Over the past month or so, there have been a few threads over on the TRO Community concerning supplier promotions that are making their way to consumers, but not to agents. What’s going on? And how can agents make sure that they have all of the information needed for their clients?
Before we can address the issue, we need to understand that suppliers will take business (as we all do) from the path of least resistance. Think about it, who would you rather deal with…the woman that calls you up saying she wants to go to the Caribbean, Europe, an Alaskan cruise or maybe a safari in Africa? Or the woman that calls up and says, “I want to do a week at Sandals in an oceanfront suite”? Suppliers are no different and to a degree, dealing with agents can cause some friction. Now friction can be defined any number of ways; but in general, they need to support us and pay us. Take away one or both of those, and the transaction becomes almost frictionless.
Suppliers want direct business fro the consumer. Why wouldn’t they? Over the years they have proven it time and time again. They market to the consumer with an agent as an afterthought. Former “agent only” suppliers now take direct bookings. Some suppliers even operate their own travel agencies to take bookings. It is all in the name of saving money and pleasing their shareholders. Remember, while suppliers do indeed pay a commission to you, they are beholden to their shareholders—not you. The analysts for Carnival have been advocating for commission elimination for years. So far, Carnival has resisted.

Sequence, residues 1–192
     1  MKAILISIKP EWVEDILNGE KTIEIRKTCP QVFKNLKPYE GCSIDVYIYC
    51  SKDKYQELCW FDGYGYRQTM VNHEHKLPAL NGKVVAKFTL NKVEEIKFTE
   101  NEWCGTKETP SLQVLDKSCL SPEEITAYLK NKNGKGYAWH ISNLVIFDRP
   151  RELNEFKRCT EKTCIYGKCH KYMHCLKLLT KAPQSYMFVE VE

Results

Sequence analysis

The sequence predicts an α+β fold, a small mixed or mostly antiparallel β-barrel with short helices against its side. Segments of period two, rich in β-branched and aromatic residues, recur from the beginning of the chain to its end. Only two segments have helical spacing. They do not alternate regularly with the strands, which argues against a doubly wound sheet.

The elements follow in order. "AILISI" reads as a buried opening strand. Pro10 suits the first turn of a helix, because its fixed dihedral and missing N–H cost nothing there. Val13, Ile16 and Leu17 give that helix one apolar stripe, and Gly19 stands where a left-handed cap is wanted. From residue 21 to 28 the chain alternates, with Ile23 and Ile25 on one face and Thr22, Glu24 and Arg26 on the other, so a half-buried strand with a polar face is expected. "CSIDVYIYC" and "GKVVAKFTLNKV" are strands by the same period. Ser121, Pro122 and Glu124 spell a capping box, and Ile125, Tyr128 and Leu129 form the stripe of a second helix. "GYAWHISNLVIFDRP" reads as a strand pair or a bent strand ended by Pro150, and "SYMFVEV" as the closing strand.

So is it so far fetched to think that a supplier might put out a series of specials on their consumer channels (website, direct mail, broadcast email, etc.) and neglect to notify the agency? Of course not. When you take the agency out, there is less friction.
Our jobs have been made more and more difficult over the years with convoluted pricing, deposit requirements, cabin/room categories and more. But to bring the value to the table that we must, we must adapt to their policies to provide the service to our clients.
It looks that in some cases, and probably as a “best practice” in all cases, you should not only be consulting your agent fax or email notices and your agent portals; but also the consumer portals as well—the consumer website, consumer direct mail, and consumer broadcast email. Make sure you are signed up as a consumer on all of your suppliers (use a throwaway email address) to make sure you can provide the best service. Nothing looks worse to a client than quoting the “best price” on a cruise and having them come in with a flier that the supplier mailed to them beating you by a few hundred dollars.
Yes, it will take a lot of extra time. But hopefully in addition to the commission earned, you are also charging a fee for your professional services to make it worthwhile.
Have you been caught off guard by a promotion that went directly to your client? Please leave a comment.